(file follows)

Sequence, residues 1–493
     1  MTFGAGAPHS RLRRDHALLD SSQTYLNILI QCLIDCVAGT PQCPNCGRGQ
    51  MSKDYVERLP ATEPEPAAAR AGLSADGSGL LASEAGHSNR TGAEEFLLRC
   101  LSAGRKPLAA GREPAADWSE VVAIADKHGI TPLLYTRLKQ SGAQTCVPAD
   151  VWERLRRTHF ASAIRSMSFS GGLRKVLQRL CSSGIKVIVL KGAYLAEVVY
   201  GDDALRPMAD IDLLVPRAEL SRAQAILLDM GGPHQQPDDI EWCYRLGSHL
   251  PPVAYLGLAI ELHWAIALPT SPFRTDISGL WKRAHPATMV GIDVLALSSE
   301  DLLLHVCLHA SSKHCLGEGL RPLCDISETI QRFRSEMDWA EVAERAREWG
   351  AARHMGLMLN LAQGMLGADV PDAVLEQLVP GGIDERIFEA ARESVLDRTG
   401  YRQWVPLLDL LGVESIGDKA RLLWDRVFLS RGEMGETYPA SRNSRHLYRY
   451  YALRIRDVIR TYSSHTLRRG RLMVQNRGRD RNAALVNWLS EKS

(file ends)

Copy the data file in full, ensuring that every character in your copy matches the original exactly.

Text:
Sequence, residues 1–493
     1  MTFGAGAPHS RLRRDHALLD SSQTYLNILI QCLIDCVAGT PQCPNCGRGQ
    51  MSKDYVERLP ATEPEPAAAR AGLSADGSGL LASEAGHSNR TGAEEFLLRC
   101  LSAGRKPLAA GREPAADWSE VVAIADKHGI TPLLYTRLKQ SGAQTCVPAD
   151  VWERLRRTHF ASAIRSMSFS GGLRKVLQRL CSSGIKVIVL KGAYLAEVVY
   201  GDDALRPMAD IDLLVPRAEL SRAQAILLDM GGPHQQPDDI EWCYRLGSHL
   251  PPVAYLGLAI ELHWAIALPT SPFRTDISGL WKRAHPATMV GIDVLALSSE
   301  DLLLHVCLHA SSKHCLGEGL RPLCDISETI QRFRSEMDWA EVAERAREWG
   351  AARHMGLMLN LAQGMLGADV PDAVLEQLVP GGIDERIFEA ARESVLDRTG
   401  YRQWVPLLDL LGVESIGDKA RLLWDRVFLS RGEMGETYPA SRNSRHLYRY
   451  YALRIRDVIR TYSSHTLRRG RLMVQNRGRD RNAALVNWLS EKS